Third dimension for cell cultures: high-precision 3D printing enables biocompatible microstructures
New printing material from Nanoscribe is suitable for 3D microfabrication of delicate and low-fluorescent structures for tissue engineering.
Nanoscribe presents IP-Visio, a new printing material for life science applications. The material is not cytotoxic, extremely little fluorescent and designed for the production of biocompatible microstructures. With IP-Visio, Nanoscribes 3D printers can produce the complex and filigree microstructures that are required for three-dimensional cell cultures and in tissue engineering. The product will be presented in San Francisco at the leading conferences SPIE BiOS and Photonics West in biomedical optics and photonics.
2D cell culture systems have been a standard for many applications for decades, ranging from stem cell research and drug screening to regenerative medicine. However, cells interact with neighboring cells, the extracellular matrix and surrounding molecules in 3D. Nanoscribe’s 3D microfabrication has already been able to demonstrate in many cases how well this technology is suitable for producing high-precision three-dimensional microstructures, such as those required for three-dimensional cell frameworks. The company is now setting another milestone and is presenting IP-Visio, a new printing material for biocompatible 3D microstructures.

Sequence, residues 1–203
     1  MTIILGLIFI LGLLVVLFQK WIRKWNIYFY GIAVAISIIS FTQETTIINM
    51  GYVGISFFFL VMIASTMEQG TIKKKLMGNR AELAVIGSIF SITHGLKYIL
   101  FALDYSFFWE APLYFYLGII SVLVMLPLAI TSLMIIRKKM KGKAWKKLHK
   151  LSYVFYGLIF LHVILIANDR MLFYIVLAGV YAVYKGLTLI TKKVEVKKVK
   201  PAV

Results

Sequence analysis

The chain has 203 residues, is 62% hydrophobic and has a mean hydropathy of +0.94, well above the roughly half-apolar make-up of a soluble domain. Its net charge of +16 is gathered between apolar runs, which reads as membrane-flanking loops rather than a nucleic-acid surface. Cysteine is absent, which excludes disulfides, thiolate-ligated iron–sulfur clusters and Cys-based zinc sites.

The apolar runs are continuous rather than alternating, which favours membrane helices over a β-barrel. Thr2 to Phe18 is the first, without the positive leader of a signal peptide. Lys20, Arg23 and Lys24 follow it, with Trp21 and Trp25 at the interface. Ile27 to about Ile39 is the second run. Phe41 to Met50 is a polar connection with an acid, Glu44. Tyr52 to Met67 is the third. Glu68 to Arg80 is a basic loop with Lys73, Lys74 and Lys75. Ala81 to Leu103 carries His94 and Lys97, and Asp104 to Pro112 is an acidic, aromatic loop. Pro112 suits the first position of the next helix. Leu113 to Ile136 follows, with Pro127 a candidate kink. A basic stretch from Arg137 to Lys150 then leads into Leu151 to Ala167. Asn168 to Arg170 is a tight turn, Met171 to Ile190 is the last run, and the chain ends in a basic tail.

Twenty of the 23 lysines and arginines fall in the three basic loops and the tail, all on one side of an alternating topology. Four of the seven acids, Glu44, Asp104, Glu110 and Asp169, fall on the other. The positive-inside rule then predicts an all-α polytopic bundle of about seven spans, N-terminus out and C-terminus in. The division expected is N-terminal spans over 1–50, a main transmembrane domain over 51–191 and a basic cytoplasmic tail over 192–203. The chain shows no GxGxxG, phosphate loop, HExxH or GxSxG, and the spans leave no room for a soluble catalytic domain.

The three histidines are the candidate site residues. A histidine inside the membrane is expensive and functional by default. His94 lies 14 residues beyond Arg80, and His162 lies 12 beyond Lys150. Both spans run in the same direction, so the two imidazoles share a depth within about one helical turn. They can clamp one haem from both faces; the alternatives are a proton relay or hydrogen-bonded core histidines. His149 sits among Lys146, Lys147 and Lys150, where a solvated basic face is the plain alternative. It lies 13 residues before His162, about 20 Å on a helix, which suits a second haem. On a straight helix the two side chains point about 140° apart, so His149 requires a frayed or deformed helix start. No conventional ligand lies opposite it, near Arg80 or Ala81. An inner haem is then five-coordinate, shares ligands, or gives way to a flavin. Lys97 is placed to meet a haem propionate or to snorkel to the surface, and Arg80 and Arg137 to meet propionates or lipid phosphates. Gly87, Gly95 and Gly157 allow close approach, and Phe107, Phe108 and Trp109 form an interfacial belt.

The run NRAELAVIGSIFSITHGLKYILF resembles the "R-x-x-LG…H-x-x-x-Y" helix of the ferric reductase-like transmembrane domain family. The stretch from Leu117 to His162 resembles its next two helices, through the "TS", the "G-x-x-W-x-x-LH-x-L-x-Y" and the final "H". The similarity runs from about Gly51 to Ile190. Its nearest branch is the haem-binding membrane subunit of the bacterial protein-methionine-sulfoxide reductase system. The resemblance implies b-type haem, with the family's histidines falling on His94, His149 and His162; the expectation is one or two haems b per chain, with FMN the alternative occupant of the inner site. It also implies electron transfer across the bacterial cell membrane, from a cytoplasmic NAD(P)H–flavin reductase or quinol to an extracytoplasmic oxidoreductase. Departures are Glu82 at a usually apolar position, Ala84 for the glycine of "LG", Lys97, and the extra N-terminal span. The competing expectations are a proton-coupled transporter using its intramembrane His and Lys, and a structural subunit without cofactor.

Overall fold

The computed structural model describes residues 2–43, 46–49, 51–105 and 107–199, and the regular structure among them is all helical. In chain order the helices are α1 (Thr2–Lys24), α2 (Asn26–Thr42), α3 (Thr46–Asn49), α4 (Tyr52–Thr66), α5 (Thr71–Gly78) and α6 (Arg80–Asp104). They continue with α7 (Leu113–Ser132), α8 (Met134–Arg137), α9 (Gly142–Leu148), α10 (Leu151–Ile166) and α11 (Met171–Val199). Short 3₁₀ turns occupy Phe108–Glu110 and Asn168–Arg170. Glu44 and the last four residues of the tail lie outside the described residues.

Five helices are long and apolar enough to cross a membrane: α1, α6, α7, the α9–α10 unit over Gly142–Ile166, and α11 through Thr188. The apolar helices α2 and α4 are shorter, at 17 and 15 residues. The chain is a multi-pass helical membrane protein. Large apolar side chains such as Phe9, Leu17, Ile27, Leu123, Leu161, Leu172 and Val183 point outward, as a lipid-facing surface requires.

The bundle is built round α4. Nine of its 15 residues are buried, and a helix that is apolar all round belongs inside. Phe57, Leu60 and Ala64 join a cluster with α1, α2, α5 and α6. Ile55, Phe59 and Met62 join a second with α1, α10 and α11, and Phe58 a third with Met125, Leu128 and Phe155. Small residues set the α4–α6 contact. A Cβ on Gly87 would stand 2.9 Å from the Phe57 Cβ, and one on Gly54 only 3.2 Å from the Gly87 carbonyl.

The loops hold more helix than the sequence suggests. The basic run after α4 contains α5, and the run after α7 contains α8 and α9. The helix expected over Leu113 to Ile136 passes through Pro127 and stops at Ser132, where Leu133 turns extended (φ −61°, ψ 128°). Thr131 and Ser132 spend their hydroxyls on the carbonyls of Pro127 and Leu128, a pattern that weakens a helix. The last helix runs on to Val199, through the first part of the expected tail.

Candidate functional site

Biocompatibility and low autofluorescence
The media is non-cytotoxic according to ISO 10993-5. This makes IP-Visio suitable for cell-friendly 3D scaffolds. This material can be used to produce high-precision microstructures to imitate realistic and high-precision cell environments. An example of an application is multi-cell scaffold structures, which serve as three-dimensional support material for sowing and examining cells. In addition, IP-Visio shows very low auto fluorescence. This property enables a clear view through the printed structures. Scientists can analyze cellular proteins and processes using fluorescence microscopy methods without affecting the printed cell structure.
3D microfabrication opens up new life science applications
3D printing technology from Nanoscribe offers numerous options for creating 3D microenvironments that resemble the natural living conditions of cells known in the human body. The technology enables the direct production of complicated 3D microstructures with excellent dimensional accuracy, which leads to pioneering work in 3D cell frameworks. Research results have been published, for example, on retinal tissue engineering, cancer research and the first 3D-printed blood-brain barrier model for drug screening. At SPIE BiOS (Stand 8256) and Photo-nics West (Hall E, Stand 3254) Nanoscribe presents the new material with 3D-printed microstructures.
You can read this article further in our journal Innovation and Technology issue 4/2020.